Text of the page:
Perhaps this sounds familiar…
You’re with a new partner & things are getting steamy. But your moaning is halted by wet, squishy noises (of the non-sexy variety) as you wonder why his/her tongue is inside your ear. Or maybe you once lightly touched the back of a partner’s knee expecting a sexy shiver. Instead you got accidentally kicked because they found it insufferably ticklish.
Somewhere, at some point in time, most people have heard about erogenous zones: those wonderful little areas on your body that just seem to burst with erotic potential when touched.
Countless magazine and web articles generalize our unique sexual experiences and boast certain spots as the “best” or “most surprising.” And though a “one size fits all” approach is rarely, if ever, a good idea, some scientific backing to their method does exist. A recent study by Turnbull, Lovett, Chaldecott, and Lucas has reported surprising similarities across differences in age, race, and even sex.1 (A man’s penis is not his only erogenous zone, folks!)
Let’s start with what we know.
Erogenous zones come in two types: specific & nonspecific. Specific erogenous zones are those that are located on hairless skin that has lots of nerve endings close to the surface. These areas are perhaps what we think of as the most universal & obviously sexual, including the lips, penis, and clitoris. On the other hand, nonspecific erogenous zones have a normal concentration of nerves and can occur anywhere. Nonspecific erogenous zones probably vary a bit more between individuals. However, Turnbull et al. found that a majority of people receive greater stimulation from some areas (neck, thighs, ears) than others (hands, wrists, feet). And there are certain spots (elbow, nose, kneecap) that generally aren’t considered very sexual at all.
We still must keep in mind that just as not everyone agrees on the most delicious food, we can’t expect everyone to agree on the most sexually stimulating spot either. Although you can generalize and say “well, most people like chocolate” you might also know at least one person who much prefers broccoli.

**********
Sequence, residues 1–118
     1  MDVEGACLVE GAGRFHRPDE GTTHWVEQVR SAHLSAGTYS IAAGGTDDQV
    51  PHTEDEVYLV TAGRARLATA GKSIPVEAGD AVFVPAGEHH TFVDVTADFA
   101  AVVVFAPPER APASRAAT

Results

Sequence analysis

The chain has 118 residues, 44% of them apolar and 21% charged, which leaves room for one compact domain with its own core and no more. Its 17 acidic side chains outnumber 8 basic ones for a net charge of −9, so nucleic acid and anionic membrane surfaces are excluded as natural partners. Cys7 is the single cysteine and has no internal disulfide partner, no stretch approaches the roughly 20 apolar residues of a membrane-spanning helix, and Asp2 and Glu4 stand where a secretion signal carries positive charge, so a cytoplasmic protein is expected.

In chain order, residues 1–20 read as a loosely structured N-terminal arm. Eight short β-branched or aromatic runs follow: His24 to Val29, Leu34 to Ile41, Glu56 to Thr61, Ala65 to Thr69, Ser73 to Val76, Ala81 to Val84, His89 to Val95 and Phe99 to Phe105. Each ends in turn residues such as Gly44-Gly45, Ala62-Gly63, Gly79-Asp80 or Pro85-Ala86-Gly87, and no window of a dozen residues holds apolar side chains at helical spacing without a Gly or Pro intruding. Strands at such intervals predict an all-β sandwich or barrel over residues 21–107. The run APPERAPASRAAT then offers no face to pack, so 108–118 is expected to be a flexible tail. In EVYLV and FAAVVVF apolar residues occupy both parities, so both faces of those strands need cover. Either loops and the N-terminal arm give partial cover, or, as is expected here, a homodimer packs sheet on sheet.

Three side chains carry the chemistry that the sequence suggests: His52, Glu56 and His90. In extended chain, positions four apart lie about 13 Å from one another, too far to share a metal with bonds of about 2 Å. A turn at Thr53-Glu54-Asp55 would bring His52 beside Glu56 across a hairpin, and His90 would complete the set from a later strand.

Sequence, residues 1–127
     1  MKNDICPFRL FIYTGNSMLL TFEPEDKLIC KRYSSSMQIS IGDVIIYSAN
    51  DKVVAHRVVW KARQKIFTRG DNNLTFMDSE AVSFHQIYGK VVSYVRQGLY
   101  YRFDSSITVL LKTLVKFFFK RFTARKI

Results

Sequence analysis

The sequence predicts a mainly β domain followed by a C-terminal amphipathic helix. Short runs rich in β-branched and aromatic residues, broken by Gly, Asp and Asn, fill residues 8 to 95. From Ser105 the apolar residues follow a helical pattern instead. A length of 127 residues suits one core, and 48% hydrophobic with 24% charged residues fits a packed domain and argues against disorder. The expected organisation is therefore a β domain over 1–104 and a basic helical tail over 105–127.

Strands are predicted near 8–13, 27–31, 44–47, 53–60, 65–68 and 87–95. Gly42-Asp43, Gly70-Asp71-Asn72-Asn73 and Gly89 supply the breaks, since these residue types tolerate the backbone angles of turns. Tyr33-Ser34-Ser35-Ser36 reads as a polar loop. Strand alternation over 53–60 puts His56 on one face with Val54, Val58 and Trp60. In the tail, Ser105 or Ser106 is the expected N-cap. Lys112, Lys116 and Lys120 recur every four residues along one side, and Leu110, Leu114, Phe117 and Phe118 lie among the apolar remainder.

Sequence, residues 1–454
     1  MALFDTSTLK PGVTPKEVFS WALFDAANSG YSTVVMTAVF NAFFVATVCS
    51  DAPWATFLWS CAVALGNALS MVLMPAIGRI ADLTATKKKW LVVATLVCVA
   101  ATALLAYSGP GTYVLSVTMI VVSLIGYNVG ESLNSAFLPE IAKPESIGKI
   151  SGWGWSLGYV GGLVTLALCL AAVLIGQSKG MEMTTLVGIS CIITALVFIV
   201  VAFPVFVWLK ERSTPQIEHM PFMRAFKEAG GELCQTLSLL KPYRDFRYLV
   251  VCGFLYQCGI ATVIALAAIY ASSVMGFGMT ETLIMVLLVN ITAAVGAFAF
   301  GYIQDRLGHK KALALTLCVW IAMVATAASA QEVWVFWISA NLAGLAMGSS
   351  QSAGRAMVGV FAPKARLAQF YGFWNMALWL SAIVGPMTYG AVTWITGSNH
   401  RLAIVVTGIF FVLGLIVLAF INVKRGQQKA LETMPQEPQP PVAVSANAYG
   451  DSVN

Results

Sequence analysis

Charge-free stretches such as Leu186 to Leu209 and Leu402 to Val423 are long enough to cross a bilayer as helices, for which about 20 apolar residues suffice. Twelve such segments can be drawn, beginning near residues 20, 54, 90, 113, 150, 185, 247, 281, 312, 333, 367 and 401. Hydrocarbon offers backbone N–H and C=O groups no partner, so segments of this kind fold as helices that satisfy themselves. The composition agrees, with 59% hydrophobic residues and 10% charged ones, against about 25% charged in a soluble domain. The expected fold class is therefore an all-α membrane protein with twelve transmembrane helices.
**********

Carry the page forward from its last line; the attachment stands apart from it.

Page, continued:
So where does that leave you when you’re trying to navigate a partner’s body? Is there any one tip that can be applied to everyone?
Some people fear that by asking questions, they will seem sexually inexperienced or it will “ruin the mood,” but what it really does is show concern for someone else’s pleasure. I’ll dedicate another post to the various ways of approaching these sorts of delicate conversations, but for now, don’t be afraid to ask your partner which areas of their body they enjoy having touched and how they like to be touched there. (The “how” can make a huge difference. The same person might prefer soft kisses to one spot, a firm caress to another, and light pain somewhere else.) A discussion like this is also the perfect time to find out if there are any spots that your partner hates having touched, so that you know what’s off limits.
It may be that you or your partner aren’t sure where your own unique erogenous zones are. If this is the case, you can suggest that the two of you explore each other’s bodies together. Then you can take that “one size fits all” article, snip out the parts that are off limits, and mentally make note of some interesting ways to explore the places that both of you have agreed upon.
The awesome thing about this advice? It’s not just for new couples! I’m still finding new tricks that work on my partner of 3+ years. Spending time simply touching each other, with no further expectations, can be very pleasurable. Plus, sometimes an individual’s erogenous zones may change. For example, a common side effect of some hormonal contraceptives is breast tenderness. This change in a woman’s body may turn her nipples into centers discomfort instead of pleasure. The most important thing is that you both feel safe and comfortable enough to let the other know if a touch is amazing, upsetting, or anywhere in between.
And if one of you still ends up getting kicked, at least you’ll be able to laugh about it together instead of suffering in embarrassment alone.
1. Turnbull OH, et al., Reports of intimate touch: Erogenous zones and somatosensory cortical organization, Cortex (2013), http://dx.doi.org/10.1016/j.cortex.2013.07.010